Slashdot had an article in January 2008 titled Professors Slam Java As "Damaging" To Students . In case the article is gone, it went something like this:
From my point of view, this represents a microcosm of the changes that are beginning to convulse computer science. We have the "old style" – very systems-oriented and emphasizing low-level programming, efficiency over all other criteria, connections with hardware, and details of how programming languages are implemented.
Contrast that with the "new style" – more abstraction; emphasis on a spectrum of criteria including reliability, maintenance, usability, security; connections with other software components and people; and software development that is independent of programming language.
Which is more important? Both of course!
For every engineer that industry needs with an "old style" education, industry needs 100 engineers with the "new style" education. So it's easy to argue that a "new style" education is more important.
On the other hand, if we teach somebody in a "new style" education, it's very hard for that person to later on pick up the system-level "old style" skills. But if we teach somebody in an "old style" manner, that person can learn the relevant "new style" skills on the job. So it's easy to argue that the "old style" education is more important. (Unless you're a program manager, in which case you complain to the universities that we aren't preparing people for actual work!)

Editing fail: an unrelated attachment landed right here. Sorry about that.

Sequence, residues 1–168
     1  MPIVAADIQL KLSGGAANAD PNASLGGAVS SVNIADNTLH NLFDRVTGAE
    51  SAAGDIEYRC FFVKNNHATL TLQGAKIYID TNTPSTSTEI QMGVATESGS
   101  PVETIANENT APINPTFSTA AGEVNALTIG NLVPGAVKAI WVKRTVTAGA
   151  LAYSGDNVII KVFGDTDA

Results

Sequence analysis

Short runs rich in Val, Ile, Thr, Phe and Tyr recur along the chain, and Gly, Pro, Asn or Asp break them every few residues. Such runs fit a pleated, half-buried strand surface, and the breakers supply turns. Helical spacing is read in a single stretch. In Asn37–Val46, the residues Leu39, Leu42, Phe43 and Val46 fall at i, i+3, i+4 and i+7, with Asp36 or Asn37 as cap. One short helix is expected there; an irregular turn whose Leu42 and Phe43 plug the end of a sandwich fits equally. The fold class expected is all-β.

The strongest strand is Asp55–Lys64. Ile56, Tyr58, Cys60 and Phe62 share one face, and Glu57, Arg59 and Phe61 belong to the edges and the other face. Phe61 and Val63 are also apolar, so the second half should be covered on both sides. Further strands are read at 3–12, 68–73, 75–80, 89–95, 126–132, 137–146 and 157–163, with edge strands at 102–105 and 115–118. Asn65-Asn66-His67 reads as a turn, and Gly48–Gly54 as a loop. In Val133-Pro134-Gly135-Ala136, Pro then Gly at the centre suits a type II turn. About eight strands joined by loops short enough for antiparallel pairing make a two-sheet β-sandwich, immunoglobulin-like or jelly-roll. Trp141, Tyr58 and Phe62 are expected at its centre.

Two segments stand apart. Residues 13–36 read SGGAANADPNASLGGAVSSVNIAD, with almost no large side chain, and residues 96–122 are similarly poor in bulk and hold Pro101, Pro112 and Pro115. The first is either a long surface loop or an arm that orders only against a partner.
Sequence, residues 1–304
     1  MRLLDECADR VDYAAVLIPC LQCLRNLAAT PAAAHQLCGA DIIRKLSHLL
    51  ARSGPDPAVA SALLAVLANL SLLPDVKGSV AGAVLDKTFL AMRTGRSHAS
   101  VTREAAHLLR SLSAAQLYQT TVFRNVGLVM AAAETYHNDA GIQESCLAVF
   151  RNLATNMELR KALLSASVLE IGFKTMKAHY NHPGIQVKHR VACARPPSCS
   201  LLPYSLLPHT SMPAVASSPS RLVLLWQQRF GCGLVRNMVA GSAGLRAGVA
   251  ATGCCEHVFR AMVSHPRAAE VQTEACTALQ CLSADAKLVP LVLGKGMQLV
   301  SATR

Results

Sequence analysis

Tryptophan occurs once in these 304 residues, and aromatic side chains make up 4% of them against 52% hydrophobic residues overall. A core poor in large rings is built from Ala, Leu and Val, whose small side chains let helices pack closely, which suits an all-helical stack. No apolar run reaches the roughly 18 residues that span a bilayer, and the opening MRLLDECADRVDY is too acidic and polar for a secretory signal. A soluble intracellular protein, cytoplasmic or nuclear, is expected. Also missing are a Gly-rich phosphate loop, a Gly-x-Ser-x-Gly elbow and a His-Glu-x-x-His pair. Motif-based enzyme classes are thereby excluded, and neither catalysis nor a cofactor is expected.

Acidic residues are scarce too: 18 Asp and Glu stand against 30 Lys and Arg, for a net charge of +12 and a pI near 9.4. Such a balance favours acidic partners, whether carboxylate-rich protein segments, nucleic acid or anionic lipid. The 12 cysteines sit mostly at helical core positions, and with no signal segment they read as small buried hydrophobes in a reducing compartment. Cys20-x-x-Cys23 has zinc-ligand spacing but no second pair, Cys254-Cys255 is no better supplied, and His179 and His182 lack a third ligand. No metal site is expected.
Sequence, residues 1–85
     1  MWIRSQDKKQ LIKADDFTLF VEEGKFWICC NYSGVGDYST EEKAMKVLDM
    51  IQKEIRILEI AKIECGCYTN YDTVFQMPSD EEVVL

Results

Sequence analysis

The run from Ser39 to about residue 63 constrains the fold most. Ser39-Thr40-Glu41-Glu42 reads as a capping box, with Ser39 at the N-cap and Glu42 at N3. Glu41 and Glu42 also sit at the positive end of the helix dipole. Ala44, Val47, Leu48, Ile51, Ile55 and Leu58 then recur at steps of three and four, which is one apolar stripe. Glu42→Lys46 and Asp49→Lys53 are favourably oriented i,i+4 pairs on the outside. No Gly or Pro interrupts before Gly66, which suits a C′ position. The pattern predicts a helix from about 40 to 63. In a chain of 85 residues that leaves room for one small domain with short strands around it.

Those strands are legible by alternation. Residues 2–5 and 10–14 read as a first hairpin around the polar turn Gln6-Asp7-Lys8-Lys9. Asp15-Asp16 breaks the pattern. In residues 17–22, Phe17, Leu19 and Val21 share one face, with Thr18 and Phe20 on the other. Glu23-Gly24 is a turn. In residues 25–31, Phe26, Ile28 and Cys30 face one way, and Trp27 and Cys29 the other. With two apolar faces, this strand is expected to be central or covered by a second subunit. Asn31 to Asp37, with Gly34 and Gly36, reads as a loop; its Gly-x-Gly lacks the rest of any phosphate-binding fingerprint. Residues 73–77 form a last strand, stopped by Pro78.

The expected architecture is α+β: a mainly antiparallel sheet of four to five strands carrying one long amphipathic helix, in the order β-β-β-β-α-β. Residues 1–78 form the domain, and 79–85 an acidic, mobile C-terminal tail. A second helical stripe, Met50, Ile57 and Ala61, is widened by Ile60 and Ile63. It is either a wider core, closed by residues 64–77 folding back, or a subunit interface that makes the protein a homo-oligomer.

The obvious compromise is that we need both. Just like Physics split into Physics and Engineering a century ago, Computing will split into a small, very technical and very hard field, and a much larger applied field (or several fields).
Pinning this macro change in computing on a single language, Java, is naive and narrow. By the way, very similar arguments were used to disparage C in the 1980s and Fortran in the 1960s.
– Jeff Offutt, January 2008